Following negotiations with Smith's union representative, the Department served Smith with two disciplinary charges on January 31, 2008, both related to his emails to Armario. Charge Two was for conduct unbecoming an officer and alleged that Smith used his Departmental computer and email to “improperly communicate with the media ․ regarding Department policy in a manner tending to bring discredit to the Police Department.” J.A. 537. The following day, Smith was suspended for thirty days without pay. On February 7, 2008, Smith was served with notice of thirty-two additional disciplinary charges for various violations of the Department's rules and procedures, including: missing the DMV hearing, expressing his personal opinion in a manner tending to discredit the Department, sending e-mails discrediting the Department, using Departmental email to conduct non-Departmental business, accessing non-work related websites, using profanity in his emails, and failing to refer media inquiries to the Department's Public Information Section. Upon returning to work in early March 2008, Smith was transferred to a different administrative position. He decided to retire voluntarily at the end of April 2008 rather than face further disciplinary proceedings.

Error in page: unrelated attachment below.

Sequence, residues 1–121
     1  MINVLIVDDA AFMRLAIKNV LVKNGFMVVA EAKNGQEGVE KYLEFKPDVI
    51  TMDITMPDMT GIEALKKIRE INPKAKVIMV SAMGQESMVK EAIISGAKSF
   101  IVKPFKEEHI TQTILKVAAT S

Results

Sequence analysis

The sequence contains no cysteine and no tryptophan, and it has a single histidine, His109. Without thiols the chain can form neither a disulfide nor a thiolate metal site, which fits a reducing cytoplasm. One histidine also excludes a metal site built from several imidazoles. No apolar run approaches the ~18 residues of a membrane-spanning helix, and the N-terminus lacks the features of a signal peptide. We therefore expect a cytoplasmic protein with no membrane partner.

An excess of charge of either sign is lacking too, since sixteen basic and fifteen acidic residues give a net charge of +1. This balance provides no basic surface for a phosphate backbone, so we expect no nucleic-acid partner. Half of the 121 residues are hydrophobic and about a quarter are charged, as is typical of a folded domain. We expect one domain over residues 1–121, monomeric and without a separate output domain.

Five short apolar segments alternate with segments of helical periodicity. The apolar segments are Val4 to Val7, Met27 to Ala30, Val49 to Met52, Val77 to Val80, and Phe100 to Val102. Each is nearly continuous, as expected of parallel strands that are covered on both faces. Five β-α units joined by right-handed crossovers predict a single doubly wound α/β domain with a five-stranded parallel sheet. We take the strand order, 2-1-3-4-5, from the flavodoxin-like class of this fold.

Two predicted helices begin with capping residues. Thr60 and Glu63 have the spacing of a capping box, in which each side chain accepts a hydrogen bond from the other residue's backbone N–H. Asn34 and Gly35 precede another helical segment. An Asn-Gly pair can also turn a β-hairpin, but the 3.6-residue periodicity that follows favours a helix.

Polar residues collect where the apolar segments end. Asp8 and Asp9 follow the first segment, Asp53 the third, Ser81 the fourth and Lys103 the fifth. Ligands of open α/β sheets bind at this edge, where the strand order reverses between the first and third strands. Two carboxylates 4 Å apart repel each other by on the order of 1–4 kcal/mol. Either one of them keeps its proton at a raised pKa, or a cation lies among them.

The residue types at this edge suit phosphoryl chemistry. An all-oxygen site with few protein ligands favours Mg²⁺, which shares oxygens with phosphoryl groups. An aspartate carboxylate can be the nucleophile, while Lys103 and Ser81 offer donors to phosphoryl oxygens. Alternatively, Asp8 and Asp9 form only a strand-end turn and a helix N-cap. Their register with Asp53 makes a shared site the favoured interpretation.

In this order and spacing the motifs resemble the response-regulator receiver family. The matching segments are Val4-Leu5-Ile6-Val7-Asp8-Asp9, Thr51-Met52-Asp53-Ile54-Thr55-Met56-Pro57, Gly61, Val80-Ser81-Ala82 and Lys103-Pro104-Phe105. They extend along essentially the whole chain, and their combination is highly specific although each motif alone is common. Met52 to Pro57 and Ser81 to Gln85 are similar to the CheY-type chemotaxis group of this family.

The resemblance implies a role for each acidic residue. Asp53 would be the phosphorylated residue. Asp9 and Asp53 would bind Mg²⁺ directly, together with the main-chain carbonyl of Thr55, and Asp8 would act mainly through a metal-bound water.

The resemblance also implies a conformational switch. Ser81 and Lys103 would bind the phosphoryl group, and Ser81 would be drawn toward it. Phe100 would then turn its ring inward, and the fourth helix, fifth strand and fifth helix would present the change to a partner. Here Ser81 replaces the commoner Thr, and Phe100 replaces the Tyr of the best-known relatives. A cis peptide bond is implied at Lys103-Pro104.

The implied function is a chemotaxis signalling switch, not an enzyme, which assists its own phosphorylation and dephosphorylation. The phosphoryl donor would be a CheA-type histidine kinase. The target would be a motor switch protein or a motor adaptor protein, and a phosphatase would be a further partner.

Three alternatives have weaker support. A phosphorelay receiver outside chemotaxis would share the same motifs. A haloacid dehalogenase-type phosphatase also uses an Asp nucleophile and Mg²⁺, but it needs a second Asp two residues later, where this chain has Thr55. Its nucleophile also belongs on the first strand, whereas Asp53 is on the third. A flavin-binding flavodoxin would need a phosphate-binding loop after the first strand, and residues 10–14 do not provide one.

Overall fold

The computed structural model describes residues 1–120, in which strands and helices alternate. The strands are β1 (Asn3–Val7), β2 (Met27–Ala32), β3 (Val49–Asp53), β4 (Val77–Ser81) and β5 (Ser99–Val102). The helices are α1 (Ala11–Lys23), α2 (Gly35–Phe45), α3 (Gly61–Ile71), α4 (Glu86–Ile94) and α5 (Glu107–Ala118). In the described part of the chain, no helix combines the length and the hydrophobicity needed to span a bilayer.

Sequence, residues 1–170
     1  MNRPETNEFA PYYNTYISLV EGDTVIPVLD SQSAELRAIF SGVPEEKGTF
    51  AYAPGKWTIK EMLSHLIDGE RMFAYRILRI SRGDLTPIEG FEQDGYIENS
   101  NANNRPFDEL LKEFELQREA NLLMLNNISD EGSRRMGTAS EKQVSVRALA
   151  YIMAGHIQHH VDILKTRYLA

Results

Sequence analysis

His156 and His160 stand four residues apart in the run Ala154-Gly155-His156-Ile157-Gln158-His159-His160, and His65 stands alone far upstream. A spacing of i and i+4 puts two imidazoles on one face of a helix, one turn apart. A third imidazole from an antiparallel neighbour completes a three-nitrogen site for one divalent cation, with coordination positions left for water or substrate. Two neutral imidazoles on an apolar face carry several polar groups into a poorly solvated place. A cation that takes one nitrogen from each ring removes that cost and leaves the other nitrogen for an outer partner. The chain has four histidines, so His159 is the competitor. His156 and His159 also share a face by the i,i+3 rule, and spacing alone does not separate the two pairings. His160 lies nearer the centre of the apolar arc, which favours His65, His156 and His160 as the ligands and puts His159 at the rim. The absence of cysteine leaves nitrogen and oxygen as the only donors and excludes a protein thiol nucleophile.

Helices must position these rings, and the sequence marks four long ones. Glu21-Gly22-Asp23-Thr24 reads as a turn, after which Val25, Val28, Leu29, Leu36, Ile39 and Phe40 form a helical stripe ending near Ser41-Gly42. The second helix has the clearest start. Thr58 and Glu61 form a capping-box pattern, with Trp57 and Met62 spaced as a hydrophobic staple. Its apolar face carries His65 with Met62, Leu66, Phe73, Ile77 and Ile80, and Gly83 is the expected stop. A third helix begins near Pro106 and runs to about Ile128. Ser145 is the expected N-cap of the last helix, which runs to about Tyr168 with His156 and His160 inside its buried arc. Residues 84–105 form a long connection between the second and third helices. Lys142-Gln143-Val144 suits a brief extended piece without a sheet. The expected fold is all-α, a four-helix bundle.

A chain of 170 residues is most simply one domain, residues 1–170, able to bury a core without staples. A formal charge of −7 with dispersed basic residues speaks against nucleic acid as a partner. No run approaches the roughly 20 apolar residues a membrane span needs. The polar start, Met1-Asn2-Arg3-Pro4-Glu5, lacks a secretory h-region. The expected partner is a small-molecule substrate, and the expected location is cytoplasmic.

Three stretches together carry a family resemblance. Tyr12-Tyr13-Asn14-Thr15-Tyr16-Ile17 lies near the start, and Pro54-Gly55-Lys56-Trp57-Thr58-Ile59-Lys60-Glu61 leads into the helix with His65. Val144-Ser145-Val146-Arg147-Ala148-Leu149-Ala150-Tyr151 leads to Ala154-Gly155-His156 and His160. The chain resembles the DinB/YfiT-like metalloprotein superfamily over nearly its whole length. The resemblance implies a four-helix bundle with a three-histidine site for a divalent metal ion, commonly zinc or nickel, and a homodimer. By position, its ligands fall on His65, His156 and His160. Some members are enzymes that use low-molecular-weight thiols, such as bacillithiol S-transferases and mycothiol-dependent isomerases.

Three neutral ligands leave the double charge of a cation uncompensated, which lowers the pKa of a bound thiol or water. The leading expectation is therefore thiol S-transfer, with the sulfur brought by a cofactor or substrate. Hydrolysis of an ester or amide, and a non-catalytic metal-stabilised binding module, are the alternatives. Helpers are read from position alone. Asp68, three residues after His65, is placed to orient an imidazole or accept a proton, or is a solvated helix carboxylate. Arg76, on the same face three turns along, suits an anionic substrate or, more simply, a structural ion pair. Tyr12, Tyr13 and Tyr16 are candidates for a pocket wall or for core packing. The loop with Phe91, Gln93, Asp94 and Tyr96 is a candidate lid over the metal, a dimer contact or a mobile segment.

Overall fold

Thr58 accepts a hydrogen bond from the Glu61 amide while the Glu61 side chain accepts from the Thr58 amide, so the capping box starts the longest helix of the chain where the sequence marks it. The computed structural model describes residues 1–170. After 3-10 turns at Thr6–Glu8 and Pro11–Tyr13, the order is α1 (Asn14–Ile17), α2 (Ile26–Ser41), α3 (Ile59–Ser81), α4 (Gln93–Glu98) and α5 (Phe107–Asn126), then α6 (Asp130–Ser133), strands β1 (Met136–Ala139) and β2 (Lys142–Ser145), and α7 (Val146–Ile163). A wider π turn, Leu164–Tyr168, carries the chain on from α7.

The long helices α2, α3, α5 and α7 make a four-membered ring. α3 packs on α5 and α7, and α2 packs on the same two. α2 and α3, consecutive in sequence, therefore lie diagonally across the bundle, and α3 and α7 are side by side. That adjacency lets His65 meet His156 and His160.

In March 2010, Smith filed his complaint in this case alleging under 42 U.S.C. § 1983 that defendants Suffolk County and County Police Commissioner Richard Dormer (“defendants”) retaliated against him for exercising his First Amendment right to freedom of speech. Smith also brought a claim for violation of Article 1, Section 8 of the New York State Constitution. The alleged retaliatory acts included investigation into his personal affairs, serving him with disciplinary charges, reassigning him to a lower-paying administrative position, suspending him without pay, and eventually forcing his retirement.